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3 replies
How should I prepare to work in Europe?
Shadowzoid
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I’m American, and like the rest of us, I only know English. However, I’m interested in the European standard of living, more specifically the Germanic countries (except England). What should I do to get to work there (I’m still in the pseudo-planning phase since I’m still in Uni). Should I pick one country and learn it’s language (how important is this)? I don’t want to work in the service industry, but in jobs that require intellectual capital, things that require college degrees (business, etc.). Is the best route to work for a US company with an office in Europe?

I’m curious how other Americans do it. I hear about so many of them in like Germany, yet I find it hard to believe they all know German.

Judice9
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If you’ve got good professional skills that can make you stand out in the crowd then you could work. Language is not a big issue.

If you’re thinking about creating a business or some sort of a company, I think you should read the laws of that specific country.

Also in order to stay and work legally, in Germany for example, you need to have a work or business visa depending on what you’re going to do. Both are not the same. You should read more about visas here:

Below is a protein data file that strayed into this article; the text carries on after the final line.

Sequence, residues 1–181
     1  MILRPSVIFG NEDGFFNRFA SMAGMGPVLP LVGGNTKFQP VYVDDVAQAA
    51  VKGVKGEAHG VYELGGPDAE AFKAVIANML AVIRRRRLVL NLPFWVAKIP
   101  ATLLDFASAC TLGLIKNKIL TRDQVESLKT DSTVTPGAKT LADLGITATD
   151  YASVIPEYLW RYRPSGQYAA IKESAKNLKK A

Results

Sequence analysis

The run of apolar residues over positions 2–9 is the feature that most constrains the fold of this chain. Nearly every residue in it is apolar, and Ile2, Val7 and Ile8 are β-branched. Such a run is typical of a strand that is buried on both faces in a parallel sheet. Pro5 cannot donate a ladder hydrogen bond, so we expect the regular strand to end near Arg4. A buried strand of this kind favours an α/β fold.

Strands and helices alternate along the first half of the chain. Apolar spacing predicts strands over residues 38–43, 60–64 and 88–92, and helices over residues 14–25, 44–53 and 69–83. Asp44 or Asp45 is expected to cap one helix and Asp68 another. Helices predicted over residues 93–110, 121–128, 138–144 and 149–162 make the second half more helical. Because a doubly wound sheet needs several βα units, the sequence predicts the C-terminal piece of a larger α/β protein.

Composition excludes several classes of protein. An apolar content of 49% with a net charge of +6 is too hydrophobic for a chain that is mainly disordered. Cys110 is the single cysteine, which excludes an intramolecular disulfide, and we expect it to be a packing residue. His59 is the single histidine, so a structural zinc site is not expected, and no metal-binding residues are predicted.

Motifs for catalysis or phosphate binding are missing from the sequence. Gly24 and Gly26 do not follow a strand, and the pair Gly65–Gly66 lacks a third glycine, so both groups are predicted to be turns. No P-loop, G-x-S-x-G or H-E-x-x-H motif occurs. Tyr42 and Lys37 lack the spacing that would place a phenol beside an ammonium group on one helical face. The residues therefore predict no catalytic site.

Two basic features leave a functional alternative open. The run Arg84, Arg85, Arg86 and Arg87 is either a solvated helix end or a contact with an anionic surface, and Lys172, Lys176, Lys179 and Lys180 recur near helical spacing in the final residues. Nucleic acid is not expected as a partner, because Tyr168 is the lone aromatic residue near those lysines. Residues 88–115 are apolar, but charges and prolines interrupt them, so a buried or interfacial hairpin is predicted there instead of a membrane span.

http://www.germany-v…
http://www.auswaerti…

mim
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Very difficult for Americans to work legally in Europe. Under the table work is very difficult to find as well. You’re right, your best bet is to start working for a company where you might be able to transfer to one of their European locations.

I am leaving from New York, NY and traveling for 64 days
Reykjavik, London, Lille, Berlin, Kraków, Lviv, Istanbul, Selçuk, Pamukkale, Kızkalesi, Göreme, Kars, Bat'umi, Akhalts'ikhe, Tbilisi, Telavi, Istanbul

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Tiffany01
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You are a brave guy. I am afraid this is not possible for me to stay in a country whose language is out of my league. Well, if you have experience then you might don’t have to face many problems.